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Chart of the week – US Federal Reserve adapts monetary policy

In this article:

    “You’ve seen our policy adapt and you’ll see it continue to adapt,” Fed chair Powell told members of the US Senate banking committee on 30 November. At the meeting of the Federal Open Markets Committee on 15 December, monetary policy was duly adapted, but the changes ruffled no feathers in financial markets.  

    Here is what was announced at the latest meeting of the FOMC: 

    • The committee confirmed the hawkish pivot initiated by Chair Powell on 30 November as he changed the Fed’s inflation narrative.
    • An acceleration in the pace of asset purchase tapering to USD 30bn (USD20bn of Treasuries and USD 10bn of mortgage-backed securities) from USD 15bn previously. This was very much in line with market expectations. At this faster pace, the Fed’s asset purchases will end in March 2022. The FOMC continues to say it is ‘prepared to adjust’ the pace, although a further acceleration of the reductions looks unlikely at this stage.
    • The reference to ‘transitory’ (inflation) has been replaced by a simple mention of ‘elevated’ inflation. Again, this matches market expectations after Powell’s remarks on 30 November.
    • A modification to its forward guidance: the Fed is pointing out that as for inflation, the conditions for rate lift-off have been effectively met. This is, however, not yet the case for maximum employment, even though the Fed expressed strong confidence this second condition for higher interest rates will be met in 2022.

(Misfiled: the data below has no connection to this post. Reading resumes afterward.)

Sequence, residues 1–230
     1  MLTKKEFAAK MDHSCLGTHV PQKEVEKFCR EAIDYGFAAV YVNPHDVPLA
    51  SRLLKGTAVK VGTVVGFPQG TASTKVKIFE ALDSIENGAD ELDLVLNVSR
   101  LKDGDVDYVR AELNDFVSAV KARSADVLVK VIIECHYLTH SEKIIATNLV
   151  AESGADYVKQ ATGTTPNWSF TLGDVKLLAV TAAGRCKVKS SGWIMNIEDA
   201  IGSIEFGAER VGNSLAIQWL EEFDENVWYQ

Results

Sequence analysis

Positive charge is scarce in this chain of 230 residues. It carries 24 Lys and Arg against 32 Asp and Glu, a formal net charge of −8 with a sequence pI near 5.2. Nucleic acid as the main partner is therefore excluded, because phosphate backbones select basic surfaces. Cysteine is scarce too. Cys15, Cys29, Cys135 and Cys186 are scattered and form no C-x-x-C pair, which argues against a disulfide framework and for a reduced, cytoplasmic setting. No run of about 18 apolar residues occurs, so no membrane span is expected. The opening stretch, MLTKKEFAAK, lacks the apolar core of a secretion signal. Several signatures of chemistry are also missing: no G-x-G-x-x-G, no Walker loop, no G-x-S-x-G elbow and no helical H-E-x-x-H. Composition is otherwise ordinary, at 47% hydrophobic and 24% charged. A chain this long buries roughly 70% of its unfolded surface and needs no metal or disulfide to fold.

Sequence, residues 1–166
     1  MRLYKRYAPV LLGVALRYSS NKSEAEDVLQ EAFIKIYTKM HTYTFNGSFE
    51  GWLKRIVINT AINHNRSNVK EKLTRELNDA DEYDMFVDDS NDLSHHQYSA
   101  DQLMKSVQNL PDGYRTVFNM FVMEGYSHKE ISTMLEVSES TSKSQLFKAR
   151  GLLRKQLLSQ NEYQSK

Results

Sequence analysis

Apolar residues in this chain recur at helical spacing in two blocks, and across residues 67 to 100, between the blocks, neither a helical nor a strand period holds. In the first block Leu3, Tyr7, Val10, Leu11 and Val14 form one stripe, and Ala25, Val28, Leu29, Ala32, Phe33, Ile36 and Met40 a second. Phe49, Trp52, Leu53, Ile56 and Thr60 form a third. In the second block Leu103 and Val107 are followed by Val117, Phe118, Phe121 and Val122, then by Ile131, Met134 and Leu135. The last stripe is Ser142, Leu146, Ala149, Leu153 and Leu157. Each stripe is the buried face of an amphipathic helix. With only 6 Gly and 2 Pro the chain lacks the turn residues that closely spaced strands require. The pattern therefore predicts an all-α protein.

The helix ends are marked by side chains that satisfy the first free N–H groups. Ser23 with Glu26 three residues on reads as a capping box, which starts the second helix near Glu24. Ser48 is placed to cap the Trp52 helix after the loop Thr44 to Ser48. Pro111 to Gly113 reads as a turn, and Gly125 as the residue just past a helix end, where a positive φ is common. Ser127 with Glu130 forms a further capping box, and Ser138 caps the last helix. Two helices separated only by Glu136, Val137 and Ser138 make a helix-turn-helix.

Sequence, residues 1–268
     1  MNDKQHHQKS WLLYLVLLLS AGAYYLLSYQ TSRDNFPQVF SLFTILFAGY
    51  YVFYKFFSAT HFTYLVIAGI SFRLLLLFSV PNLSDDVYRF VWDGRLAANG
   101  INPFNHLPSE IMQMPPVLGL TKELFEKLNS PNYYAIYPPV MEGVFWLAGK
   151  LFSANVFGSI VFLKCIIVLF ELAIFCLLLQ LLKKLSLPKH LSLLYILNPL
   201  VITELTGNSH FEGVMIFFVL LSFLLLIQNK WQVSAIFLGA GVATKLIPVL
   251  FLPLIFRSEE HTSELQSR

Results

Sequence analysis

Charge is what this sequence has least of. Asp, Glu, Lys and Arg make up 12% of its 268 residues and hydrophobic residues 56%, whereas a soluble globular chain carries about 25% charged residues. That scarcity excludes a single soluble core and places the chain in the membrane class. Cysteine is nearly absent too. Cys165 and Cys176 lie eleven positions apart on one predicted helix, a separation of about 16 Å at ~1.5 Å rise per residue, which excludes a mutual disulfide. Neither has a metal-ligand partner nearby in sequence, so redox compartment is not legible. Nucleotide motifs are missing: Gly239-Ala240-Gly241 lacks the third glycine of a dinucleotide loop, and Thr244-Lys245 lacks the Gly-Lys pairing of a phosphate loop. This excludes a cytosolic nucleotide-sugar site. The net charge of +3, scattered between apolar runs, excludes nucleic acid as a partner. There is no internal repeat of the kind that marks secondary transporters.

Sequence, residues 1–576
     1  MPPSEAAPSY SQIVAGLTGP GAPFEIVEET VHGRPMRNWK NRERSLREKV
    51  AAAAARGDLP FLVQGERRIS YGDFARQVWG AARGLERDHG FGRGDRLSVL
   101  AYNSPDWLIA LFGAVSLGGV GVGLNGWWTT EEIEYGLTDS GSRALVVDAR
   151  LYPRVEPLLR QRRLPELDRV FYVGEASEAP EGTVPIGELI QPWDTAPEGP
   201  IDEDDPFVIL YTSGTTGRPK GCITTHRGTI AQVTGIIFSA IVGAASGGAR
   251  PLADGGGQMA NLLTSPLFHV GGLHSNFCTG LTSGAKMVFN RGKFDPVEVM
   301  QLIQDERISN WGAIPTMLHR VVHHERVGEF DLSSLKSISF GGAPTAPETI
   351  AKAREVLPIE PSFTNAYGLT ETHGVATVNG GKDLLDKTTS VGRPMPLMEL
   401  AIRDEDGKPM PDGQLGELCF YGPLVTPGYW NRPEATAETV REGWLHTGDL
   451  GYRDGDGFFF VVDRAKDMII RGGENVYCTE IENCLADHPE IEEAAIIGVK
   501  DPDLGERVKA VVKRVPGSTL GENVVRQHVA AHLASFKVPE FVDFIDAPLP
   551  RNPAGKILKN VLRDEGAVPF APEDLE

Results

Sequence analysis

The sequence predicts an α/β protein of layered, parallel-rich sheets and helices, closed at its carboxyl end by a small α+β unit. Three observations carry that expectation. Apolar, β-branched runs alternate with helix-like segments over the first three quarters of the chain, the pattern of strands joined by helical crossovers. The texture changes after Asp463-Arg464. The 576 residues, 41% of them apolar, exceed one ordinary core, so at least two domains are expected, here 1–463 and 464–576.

• An upward shift and acceleration in rate rises over the next three years, although the longer-run projection for the ‘terminal rate’ is unchanged. The median projection now envisages three rate rises in 2022 (up from two previously), three more in 2023 (as before) and two (down from three) in 2024. This is probably the clearest signal of a significant change in thinking. However, the Fed’s approach still appears to be that limited policy action will be required in 2023 and 2024. By the end of 2024, median estimates put the fed funds policy rate at 2.1%, still below the Fed’s estimate of the long-run policy rate of 2.5%.
    • The Fed’s latest ‘dot plot’ indicates policy rates will still stay below the neutral level throughout the forecast horizon, even while the unemployment rate is low and inflation is above its 2% target. Financial markets took this as an early Christmas present for risk assets. 

    Please note that articles may contain technical language. For this reason, they may not be suitable for readers without professional investment experience. Any views expressed here are those of the author as of the date of publication, are based on available information, and are subject to change without notice. Individual portfolio management teams may hold different views and may take different investment decisions for different clients. This document does not constitute investment advice. The value of investments and the income they generate may go down as well as up and it is possible that investors will not recover their initial outlay. Past performance is no guarantee for future returns. Investing in emerging markets, or specialised or restricted sectors is likely to be subject to a higher-than-average volatility due to a high degree of concentration, greater uncertainty because less information is available, there is less liquidity or due to greater sensitivity to changes in market conditions (social, political and economic conditions). Some emerging markets offer less security than the majority of international developed markets. For this reason, services for portfolio transactions, liquidation and conservation on behalf of funds invested in emerging markets may carry greater risk.

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